Health Information Management

A multifaceted approach to eliminating H&P deficiencies

JustCoding News: Outpatient, June 30, 2010

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Many hospitals seem to struggle with inconsistencies in the quality of their physicians’ history and physical exam (H&P) documentation, particularly when it comes to allergies and current medications. And the medical staff at Central Peninsula Hospital in Soldotna, AK, believed they were no exception, according to Marianne Dailey, RHIT, CHP, CPHQ, HIM director and privacy officer at the hospital.

So several months ago, Central Peninsula began to include the required elements for an H&P in the deficiency analysis process. It started by notifying the medical staff of the required H&P elements. After that, the HIM department documentation analyst reviewed the H&Ps for the required elements. If one or more elements were missing, it was considered deficient and sent to the physician for completion. The hospital began with a “no suspension” six-month trial period to build awareness and conduct education, which ended in March.

“At the end of six months, the new requirement was included in the standard process, which causes the physicians to be eligible for temporary suspension of privileges for incomplete records,” says Dailey. And it seems to be working. Physicians know that documentation is important, and as a result, Dailey is seeing fewer deficiencies.

Remind, alert, and repeat

In addition to the new process, the hospital is taking several other steps to mitigate the problem of H&P deficiencies. Triggering the physician to remember the various requirements early on is helpful.

Find different steps in the process to alert physicians of the H&P documentation requirements and what is missing, Dailey says. For example, she uses a little pocket guide for documentation requirements at her hospital. The guide is very colorful and approximately the size of an ID card, she says. It is given to medical staff members and is attached to phones from where they usually dictate. She uses it to remind physicians about everything from unapproved abbreviations to discharge summary and op note requirements to coding hot spots.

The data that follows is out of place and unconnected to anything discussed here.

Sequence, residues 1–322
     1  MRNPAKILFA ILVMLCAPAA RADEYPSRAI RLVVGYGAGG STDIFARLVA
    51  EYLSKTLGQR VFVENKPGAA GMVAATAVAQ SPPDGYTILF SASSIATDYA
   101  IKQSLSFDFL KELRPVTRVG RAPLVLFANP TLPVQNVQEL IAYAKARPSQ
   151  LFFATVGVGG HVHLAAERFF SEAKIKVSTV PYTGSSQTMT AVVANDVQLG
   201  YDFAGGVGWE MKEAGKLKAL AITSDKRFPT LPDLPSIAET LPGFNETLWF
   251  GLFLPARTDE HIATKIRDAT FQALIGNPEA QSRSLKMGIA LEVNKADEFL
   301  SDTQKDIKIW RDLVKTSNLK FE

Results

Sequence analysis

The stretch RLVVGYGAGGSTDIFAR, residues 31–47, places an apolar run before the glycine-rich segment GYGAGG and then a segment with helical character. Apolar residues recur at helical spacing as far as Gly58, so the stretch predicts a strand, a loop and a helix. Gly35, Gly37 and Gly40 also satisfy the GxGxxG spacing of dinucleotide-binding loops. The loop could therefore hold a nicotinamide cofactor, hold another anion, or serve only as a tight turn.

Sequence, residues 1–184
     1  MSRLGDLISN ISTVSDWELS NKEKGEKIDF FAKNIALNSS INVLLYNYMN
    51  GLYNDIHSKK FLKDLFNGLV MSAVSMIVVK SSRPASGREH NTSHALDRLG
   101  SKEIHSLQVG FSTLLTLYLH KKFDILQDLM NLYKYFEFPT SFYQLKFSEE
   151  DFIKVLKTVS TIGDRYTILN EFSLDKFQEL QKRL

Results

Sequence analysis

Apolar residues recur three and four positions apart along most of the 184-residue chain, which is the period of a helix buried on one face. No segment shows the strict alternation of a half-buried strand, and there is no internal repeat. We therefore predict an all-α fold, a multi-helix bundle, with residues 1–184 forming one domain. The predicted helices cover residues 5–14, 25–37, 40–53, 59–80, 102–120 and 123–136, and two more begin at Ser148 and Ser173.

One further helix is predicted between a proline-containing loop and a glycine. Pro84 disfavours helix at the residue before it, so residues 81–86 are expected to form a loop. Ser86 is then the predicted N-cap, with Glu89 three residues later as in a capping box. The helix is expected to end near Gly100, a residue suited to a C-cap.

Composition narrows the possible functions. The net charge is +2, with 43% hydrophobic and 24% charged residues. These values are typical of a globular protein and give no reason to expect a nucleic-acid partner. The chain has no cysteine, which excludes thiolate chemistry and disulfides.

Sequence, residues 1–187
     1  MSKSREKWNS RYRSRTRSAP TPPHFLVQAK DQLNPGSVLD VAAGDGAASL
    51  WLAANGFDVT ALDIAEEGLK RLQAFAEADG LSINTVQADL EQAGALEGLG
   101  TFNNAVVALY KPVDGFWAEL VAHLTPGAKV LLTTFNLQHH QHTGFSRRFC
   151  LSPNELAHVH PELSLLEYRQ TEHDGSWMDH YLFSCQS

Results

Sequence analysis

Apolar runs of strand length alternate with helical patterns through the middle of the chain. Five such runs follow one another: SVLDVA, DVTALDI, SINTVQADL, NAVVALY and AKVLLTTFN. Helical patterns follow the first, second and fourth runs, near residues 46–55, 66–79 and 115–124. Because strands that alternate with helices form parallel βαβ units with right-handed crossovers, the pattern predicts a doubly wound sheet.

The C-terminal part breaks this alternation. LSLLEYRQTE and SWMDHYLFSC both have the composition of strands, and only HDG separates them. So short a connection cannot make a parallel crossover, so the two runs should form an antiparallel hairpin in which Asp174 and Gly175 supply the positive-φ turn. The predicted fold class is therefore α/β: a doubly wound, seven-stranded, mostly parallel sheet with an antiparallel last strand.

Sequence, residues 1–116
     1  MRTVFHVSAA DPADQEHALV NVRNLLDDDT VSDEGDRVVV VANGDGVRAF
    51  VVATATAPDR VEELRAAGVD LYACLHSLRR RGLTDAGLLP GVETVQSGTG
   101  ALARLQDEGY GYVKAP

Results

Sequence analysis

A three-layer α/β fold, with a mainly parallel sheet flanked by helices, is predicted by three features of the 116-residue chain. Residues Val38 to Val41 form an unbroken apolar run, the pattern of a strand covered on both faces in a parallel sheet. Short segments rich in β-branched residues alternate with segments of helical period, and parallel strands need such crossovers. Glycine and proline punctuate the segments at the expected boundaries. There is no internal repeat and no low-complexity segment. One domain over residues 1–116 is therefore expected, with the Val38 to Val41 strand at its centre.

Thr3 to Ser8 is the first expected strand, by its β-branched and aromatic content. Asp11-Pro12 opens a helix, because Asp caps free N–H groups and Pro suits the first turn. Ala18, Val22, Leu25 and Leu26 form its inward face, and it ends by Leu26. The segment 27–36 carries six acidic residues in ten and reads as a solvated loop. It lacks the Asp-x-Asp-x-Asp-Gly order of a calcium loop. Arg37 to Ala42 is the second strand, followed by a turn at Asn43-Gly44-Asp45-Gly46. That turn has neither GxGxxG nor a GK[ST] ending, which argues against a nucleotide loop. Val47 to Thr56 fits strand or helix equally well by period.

Involve your transcriptionists

To help the physicians, Central Peninsula transcription staff members leave H&P template sections blank when physicians do not dictate the information, instead of deleting the section names. For example, if the physician doesn’t dictate allergy information, the transcriptionist includes the heading but leaves it blank. “This way, when physicians go in to e-sign and they’re reviewing the document, they can see it is blank and fill it in at that point,” Dailey explains.

In addition, she has found that sometimes physicians embed allergies and medications into other paragraphs of the document. So Central Peninsula transcriptionists pull out the information. “This takes a little bit of time for transcription, but overall it is helpful for a follow-up physician just to be able to scan it and say, ‘Oh, here are the allergies,’ ” Dailey says.

Bolster buy-in

Dailey recognizes that much of the positive change she’s seen has been due to medical staff buy-in. “As an HIM director, you can do all kinds of audits and reporting but ultimately just end up frustrated if there’s no buy-in,” she says. “So you need for them to pick up the ball and take the lead.”

If you are struggling to get everyone on board with a similar program, remind physicians about how documentation issues affect them individually. “Usually what gets buy-in on projects is a personal ownership or some sort of personal impact,” Dailey says.

The medical staff may simply need a refresher on why a complete H&P will help them improve the treatment of each other’s patients, for example. And remind them how frustrating it is when they don’t get good information from other providers on patients they treat.

Editor’s note: This article was originally published in the June issue of Medical Records Briefing. E-mail your questions to Senior Managing Editor Andrea Kraynak, CPC, at

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